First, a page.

The question becomes – what are we overlooking in our efforts to attract, retain, and develop a more educated and skilled workforce?
The LA region has the characteristics of a world-class economy. It is an international gateway, home to the largest container ports in the U.S. and the world’s busiest origin and destination airport. It has the nation’s largest manufacturing base, the world’s leading entertainment companies, and a substantial base of small- and medium-sized businesses. It provides access to the world’s most diverse consumer markets and is home to a large share of educated people working in our most globally competitive industries – technology, entertainment, biotechnology, and advanced manufacturing.
LA has the world’s largest higher education system with 112 college and university campuses which produce more Ph.D.s and graduate degrees than any in America, and they are home to the world’s greatest research institutes and concentration of Nobel laureates, MacArthur fellows, and members of the National Academies. LA’s network of five Cal State campuses now educate 110,000 students; they will celebrate their role in graduating the Cal State system’s 3 millionth student this year.
This collective intelligence alone should make LA our nation’s biggest job generator.
How can we turn this around? The first place I would look is higher education and high tech.
LA’s college and university campuses and high tech companies have become our new “Anchor Tenants,” a term Stanford University sociologist Woody Powell uses to describe institutions that provide economic character and culture to a region. This network supports hundreds of thousands of jobs, research and education opportunities, and they commit incredible amounts of human and financial resources to LA’s communities.
The Los Angeles County Economic Development Corporation just reported that the region currently supports 763,600 high tech jobs across a broad spectrum of industries. These are jobs that, on average, pay 70 percent more than other industries. Each new high tech job helps to create four more quality jobs for accountants, administrative assistants, and human resource professionals, to name a few.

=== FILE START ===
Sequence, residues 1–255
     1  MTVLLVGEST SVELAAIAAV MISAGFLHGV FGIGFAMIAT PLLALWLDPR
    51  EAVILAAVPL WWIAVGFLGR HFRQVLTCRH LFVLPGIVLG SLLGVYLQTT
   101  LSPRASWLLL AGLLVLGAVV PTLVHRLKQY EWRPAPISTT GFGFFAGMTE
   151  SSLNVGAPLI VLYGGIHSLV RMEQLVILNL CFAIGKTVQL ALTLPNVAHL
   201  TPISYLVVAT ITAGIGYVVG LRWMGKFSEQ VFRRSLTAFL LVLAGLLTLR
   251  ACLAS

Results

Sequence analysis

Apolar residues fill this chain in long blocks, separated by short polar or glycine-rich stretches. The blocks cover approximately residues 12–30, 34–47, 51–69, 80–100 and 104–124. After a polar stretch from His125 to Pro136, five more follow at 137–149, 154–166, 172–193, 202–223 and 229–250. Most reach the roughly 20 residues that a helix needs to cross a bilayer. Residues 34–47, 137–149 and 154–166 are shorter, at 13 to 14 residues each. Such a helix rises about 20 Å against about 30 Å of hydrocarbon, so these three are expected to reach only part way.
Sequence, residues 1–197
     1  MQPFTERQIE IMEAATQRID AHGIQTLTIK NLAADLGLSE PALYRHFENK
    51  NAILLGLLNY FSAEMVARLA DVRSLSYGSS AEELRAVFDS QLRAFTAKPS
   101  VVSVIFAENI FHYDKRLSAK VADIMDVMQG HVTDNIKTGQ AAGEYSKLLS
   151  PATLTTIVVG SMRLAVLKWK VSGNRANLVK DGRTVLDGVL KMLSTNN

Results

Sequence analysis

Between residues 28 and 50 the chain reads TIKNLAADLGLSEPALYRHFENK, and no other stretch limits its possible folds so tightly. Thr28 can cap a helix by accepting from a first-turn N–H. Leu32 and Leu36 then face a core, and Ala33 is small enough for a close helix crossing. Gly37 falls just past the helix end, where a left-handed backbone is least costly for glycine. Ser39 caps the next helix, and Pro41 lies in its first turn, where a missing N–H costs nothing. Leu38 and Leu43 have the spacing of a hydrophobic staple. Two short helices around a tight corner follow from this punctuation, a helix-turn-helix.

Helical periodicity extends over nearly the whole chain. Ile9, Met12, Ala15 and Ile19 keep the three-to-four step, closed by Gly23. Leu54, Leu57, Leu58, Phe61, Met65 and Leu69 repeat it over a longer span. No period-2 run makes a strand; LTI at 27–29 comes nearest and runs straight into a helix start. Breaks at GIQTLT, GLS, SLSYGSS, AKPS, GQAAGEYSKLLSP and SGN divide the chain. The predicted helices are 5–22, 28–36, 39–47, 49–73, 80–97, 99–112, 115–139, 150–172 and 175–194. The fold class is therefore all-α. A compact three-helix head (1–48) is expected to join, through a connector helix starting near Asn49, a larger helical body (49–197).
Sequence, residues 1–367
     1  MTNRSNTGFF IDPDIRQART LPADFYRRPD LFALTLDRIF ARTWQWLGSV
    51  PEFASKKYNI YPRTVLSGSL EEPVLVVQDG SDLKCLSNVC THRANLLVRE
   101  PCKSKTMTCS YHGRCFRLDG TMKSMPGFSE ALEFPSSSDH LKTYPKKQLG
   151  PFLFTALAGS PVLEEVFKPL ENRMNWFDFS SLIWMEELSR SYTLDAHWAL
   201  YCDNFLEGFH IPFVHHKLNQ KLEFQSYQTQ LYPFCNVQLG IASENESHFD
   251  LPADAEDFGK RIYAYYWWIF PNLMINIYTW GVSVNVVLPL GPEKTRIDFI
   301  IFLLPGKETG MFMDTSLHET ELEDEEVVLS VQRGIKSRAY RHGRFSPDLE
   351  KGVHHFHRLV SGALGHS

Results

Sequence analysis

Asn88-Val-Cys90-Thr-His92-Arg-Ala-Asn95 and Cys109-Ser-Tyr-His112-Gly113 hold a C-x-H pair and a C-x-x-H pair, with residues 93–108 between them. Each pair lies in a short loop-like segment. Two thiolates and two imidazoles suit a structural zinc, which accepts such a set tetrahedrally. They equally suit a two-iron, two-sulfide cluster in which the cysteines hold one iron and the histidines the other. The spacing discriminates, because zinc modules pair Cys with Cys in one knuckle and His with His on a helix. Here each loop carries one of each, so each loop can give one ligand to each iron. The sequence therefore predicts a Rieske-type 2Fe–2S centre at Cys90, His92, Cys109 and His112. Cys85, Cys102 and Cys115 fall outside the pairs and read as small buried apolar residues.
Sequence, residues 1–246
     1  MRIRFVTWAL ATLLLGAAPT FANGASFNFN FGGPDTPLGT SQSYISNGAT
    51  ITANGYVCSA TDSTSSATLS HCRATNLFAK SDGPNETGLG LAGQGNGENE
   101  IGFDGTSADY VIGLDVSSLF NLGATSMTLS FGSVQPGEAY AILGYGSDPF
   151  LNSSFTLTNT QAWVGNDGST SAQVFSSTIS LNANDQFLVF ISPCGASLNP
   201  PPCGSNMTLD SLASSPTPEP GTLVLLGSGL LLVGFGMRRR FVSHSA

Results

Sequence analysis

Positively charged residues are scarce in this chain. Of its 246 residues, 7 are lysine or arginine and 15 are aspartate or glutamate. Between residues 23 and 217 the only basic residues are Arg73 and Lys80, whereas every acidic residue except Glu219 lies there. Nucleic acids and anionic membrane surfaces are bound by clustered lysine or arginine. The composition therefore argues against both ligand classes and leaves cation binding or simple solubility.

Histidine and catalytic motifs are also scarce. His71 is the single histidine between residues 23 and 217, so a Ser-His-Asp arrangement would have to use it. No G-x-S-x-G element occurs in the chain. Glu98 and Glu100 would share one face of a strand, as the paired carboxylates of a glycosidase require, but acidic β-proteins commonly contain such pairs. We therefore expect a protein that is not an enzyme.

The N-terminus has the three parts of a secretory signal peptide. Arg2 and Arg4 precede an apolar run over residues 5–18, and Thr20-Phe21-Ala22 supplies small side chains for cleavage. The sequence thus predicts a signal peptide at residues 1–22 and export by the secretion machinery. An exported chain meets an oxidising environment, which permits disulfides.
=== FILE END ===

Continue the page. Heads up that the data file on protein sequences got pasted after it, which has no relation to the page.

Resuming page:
Combining this talent, resources and bandwidth would serve as the catalyst for economic and job growth starting with bio-tech, tech companies, entertainment and media firms, and light manufacturing.
The business community is in a prime position to leverage and partner with this network to help accelerate LA’s transition from industrial-based to information-based. This past year a joint effort between the business community, the city of Los Angeles, USC, and LA’s Cal State schools successfully secured a federal designation giving our region preferential access to $1.3B in government funding for local aerospace and advanced manufacturing industries.
LA city and county government could do more through targeted economic development initiatives that provide better land management practices for industrial land and housing and more responsive building development services.
The good news is LA is building the foundation for future growth and have momentum on their side. Within the last three years, LA has invested more than $4B in their international airport and $1.2B in the port, and LA Metro is in the process of spending $16B on new transit lines throughout the region with another $20B dedicated throughout the next 30 years. Local government is expediting the development of 25 new hotels and is ready to invest millions of dollars into its convention center located next to LA Live in downtown.
Albert Einstein once quipped that “the power of compound interest is the most powerful force in the universe.” By making the right investment moves in LA now, we can all share in the benefits to come.